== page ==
One of my 2012 new year’s resolutions was to start taking advantage of the numerous walking tours offered by San Francisco City Guides. A few weekends ago I took the North Beach tour.
I love North Beach, mainly because North Beach combines two of my great loves: Italian cuisine and a rich literary history (being one of the famous stomping grounds for the Beat Generation).
On the tour I learned that it was during the Gold Rush that many Italians arrived to California with the hopes of striking it rich. With little success, many made their way to the San Francisco coast and found something else that they had better luck with – fishing. A community was formed near the northern beaches of SF (at the time North Beach was coined, the bay shore was only a few blocks from the neighborhood – dredging and landfill extended the city to what it is now) and Italian restaurants, coffee houses and markets were born in the neighborhood.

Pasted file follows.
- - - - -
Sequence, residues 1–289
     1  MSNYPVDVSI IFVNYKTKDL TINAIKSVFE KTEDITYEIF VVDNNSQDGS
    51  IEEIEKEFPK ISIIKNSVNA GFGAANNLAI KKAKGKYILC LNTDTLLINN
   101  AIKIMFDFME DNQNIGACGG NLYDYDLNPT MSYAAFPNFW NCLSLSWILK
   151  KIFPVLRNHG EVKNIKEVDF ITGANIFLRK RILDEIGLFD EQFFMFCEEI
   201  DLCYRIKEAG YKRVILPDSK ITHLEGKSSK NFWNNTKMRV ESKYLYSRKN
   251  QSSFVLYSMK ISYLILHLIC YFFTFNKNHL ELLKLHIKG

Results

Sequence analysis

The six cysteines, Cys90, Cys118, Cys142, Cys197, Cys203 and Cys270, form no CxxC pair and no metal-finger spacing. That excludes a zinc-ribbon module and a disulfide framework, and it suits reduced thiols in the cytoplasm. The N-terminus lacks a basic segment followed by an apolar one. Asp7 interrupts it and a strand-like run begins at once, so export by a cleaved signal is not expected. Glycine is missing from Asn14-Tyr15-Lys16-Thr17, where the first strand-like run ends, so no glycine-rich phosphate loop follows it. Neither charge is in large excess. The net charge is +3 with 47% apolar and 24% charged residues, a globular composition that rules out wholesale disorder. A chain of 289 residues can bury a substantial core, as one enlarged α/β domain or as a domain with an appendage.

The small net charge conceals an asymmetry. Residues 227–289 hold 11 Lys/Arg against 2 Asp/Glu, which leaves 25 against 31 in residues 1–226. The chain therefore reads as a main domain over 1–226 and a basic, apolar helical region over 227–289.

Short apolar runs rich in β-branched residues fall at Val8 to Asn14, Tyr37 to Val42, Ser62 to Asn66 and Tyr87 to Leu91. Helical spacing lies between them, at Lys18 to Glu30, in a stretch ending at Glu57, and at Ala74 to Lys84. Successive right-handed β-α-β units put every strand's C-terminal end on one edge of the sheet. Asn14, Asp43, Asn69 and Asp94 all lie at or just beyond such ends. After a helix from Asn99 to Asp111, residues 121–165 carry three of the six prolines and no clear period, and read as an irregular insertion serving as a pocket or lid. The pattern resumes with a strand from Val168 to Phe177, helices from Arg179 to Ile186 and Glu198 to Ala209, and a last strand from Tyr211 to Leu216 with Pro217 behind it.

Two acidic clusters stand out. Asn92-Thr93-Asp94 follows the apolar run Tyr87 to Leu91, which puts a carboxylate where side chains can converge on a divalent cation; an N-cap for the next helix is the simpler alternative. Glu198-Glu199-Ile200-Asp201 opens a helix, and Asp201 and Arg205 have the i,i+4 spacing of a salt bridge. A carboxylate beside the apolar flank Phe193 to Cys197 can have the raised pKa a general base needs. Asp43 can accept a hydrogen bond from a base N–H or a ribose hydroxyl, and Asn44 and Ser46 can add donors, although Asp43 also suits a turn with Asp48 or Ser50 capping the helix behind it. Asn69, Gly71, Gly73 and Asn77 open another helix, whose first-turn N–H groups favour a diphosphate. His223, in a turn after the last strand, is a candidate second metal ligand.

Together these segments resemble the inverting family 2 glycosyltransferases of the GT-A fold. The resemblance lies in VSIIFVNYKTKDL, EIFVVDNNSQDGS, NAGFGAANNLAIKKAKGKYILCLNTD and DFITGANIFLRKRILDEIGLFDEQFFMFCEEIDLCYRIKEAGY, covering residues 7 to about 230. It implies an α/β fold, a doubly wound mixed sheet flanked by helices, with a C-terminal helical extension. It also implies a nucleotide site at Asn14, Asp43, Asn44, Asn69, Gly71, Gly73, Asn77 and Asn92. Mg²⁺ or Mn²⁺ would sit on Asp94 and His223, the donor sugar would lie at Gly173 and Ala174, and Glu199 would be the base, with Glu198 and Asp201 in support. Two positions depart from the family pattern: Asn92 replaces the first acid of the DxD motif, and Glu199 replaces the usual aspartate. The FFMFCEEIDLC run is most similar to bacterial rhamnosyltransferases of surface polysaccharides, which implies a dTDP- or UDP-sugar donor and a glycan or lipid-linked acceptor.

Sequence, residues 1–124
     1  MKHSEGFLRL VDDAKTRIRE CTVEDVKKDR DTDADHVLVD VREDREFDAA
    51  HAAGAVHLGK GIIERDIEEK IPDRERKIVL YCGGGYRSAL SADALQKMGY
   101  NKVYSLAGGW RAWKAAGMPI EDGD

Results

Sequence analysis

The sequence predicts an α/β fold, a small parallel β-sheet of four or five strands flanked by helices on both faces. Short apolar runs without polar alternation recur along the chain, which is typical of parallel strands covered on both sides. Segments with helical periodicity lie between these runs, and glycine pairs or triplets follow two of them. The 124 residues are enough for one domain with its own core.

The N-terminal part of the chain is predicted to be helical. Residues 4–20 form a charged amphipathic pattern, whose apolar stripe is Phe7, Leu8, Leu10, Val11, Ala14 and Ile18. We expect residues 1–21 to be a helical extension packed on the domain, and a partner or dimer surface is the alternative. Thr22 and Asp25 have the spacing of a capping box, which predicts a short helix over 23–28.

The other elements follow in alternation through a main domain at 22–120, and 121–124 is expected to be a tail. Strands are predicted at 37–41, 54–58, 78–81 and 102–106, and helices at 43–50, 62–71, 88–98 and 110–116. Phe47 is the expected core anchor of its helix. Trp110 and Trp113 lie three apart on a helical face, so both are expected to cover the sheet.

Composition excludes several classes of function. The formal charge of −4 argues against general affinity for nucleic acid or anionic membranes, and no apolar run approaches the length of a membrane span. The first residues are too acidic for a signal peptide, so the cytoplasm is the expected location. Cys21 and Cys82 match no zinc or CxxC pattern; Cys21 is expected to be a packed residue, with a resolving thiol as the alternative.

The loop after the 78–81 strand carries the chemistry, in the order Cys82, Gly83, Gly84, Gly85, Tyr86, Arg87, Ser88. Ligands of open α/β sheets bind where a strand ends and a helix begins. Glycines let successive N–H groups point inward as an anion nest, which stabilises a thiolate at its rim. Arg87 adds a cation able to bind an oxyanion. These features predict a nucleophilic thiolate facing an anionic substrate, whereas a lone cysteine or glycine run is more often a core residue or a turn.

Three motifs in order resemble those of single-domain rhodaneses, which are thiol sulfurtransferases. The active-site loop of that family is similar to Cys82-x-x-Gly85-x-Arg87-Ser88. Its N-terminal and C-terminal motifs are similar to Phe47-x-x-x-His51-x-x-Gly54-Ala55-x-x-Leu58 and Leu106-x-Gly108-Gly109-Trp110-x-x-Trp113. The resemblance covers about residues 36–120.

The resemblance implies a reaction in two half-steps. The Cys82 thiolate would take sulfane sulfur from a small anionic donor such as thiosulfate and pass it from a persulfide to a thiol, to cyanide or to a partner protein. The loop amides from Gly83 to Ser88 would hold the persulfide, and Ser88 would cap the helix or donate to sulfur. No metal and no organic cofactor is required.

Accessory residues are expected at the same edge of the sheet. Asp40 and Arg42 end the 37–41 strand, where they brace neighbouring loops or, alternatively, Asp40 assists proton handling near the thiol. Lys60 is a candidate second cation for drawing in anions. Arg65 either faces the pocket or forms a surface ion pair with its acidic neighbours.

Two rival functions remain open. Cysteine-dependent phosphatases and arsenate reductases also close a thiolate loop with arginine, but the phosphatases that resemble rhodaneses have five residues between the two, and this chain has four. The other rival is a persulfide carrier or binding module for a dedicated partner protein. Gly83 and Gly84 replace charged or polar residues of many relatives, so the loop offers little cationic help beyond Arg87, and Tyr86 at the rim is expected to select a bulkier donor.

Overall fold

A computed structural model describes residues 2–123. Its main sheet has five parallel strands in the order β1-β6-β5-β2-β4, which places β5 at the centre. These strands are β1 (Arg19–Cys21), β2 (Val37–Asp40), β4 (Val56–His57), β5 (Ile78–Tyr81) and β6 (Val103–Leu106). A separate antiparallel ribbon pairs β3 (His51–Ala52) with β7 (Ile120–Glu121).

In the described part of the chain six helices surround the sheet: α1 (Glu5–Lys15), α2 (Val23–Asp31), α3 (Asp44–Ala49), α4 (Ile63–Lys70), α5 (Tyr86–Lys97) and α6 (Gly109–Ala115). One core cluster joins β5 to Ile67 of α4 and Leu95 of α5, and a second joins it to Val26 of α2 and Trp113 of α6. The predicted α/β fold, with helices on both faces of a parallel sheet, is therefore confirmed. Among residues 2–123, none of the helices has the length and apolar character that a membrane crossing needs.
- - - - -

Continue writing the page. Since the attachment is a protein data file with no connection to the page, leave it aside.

It was in the 1950s that the Beat poets found their way to North Beach. I am so accustom to the North Beach of today, with it’s sky-high housing prices, that it’s hard to believe that in the 50s rents in this neighborhood were actually very low (conducive to struggling poets!). It was a little bittersweet to see that the coffee houses and restaurants frequented by the Beats are no longer here, but some places are still alive and thriving, including some of the bars and the bookstore City Lights. If you have not been to this bookstore (founded in 1953 by Lawrence Ferlinghetti), visit the upstairs, a room devoted to poetry. I fell in love with Beat literature when I was in high school. This was probably the worst (or best!) time to read On the Road, as I was young and very impressionable and Jack Kerouac’s crazy, free spirited travels left me intoxicated with his work!